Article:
That makes it sound simple, but there are so many different possible variants that business have a very complex set of decisions to make. For example, payments can be made in advance of, or after experiencing the value provided. Payments can be one time, on a regular (monthly or annual) subscription period, or based on actual usage. Payments can be direct or through a third party. And the real and perceived value delivered can take many different forms.

Here is a quick summary of some different forms of revenue models:

  • Markup: A good is sold to a buyer at a sales price above the item’s cost in order to generate a profit.
  • Commission: The value proposition is the mediation of a transaction between a buyer and a seller. The seller receives the purchase price but either the buyer or the seller pays the business a commission fee on the transaction.
  • Advertising: The consumer of the primary product pays little or nothing, but agrees to receive targeted advertisements. The advertisers pay for access to the consumer.
  • Loss Leader Product: The buyer purchases the primary product at an unprofitable price (sometimes free), but the business makes money on marked-up services or supplies necessary to continue using the product.
  • Rental: The buyer pays to use a tangible product for a limited time but does not take ownership of the product.
  • Subscription: The buyer pays to access an intangible (e.g. content or software) product or service for a specified time.
  • Licensing: The buyer pays for the right to use an intangible product but does not technically own the product.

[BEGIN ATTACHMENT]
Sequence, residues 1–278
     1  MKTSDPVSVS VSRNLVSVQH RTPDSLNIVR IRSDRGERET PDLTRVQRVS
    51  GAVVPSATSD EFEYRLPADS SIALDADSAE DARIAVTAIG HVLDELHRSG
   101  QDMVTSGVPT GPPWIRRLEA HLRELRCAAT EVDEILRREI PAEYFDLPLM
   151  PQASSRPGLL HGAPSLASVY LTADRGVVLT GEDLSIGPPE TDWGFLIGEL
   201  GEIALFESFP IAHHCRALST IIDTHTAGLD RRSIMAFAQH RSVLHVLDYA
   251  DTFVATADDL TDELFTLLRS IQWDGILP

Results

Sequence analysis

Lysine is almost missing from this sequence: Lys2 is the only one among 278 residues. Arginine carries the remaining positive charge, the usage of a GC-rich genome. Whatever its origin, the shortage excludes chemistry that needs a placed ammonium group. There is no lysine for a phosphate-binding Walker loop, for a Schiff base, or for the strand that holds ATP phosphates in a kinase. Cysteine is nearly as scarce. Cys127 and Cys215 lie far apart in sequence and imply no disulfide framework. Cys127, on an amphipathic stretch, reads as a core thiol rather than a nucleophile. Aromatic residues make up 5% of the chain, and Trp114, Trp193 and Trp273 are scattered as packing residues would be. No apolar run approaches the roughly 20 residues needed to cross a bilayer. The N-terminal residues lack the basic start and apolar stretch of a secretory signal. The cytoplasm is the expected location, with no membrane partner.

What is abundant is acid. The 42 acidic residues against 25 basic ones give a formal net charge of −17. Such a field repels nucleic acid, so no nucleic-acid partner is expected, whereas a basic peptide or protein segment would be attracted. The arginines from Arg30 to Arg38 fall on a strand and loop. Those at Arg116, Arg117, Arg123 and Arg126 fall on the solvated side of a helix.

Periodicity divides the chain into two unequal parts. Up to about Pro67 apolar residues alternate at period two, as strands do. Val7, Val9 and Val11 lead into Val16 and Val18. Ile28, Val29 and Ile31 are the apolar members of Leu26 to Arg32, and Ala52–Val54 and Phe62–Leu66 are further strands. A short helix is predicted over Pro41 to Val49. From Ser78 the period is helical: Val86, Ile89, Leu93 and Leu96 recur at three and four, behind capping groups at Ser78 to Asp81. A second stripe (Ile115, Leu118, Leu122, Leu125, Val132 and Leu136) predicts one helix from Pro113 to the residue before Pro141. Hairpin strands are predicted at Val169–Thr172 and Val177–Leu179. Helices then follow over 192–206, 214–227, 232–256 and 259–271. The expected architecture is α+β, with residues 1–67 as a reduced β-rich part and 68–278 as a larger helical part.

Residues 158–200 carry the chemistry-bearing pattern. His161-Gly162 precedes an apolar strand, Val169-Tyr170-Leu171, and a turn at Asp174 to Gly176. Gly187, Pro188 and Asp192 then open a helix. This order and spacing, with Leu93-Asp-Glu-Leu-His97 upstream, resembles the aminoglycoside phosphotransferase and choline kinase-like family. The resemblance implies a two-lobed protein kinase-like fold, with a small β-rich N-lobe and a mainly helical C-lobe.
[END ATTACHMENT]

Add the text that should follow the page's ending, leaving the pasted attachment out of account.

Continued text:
• Barter: The buyer and seller exchange non-cash products and services of value each to the other.

There are many other forms of revenue models, and each of these can take many different forms. But they all involve the same basic decisions to be made by the business in establishing how to offer the value proposition in a way that allows the business to capture the value and accomplish the business’ objectives.

In addition to understanding how the business brings in revenue, it’s essential to make sure that it can effectively create the value being offered. That will be our focus in tomorrow’s article.

ClearPurpose

Tales and Tools for Sound Strategies

Russell McGuire

Written by

Strategist, Entrepreneur, Executive, Advisor, Mentor, Inventor, Innovator, Visionary, Author, Writer, Blogger, Husband, Father, Brother, Son, Christian

ClearPurpose

Through ClearPurpose, we share our experience, tools, and methodologies to approach strategy development with discipline and structure, making it easier to achieve clarity, gain consensus, and communicate coherently.

Russell McGuire

Written by

Strategist, Entrepreneur, Executive, Advisor, Mentor, Inventor, Innovator, Visionary, Author, Writer, Blogger, Husband, Father, Brother, Son, Christian

ClearPurpose

Through ClearPurpose, we share our experience, tools, and methodologies to approach strategy development with discipline and structure, making it easier to achieve clarity, gain consensus, and communicate coherently.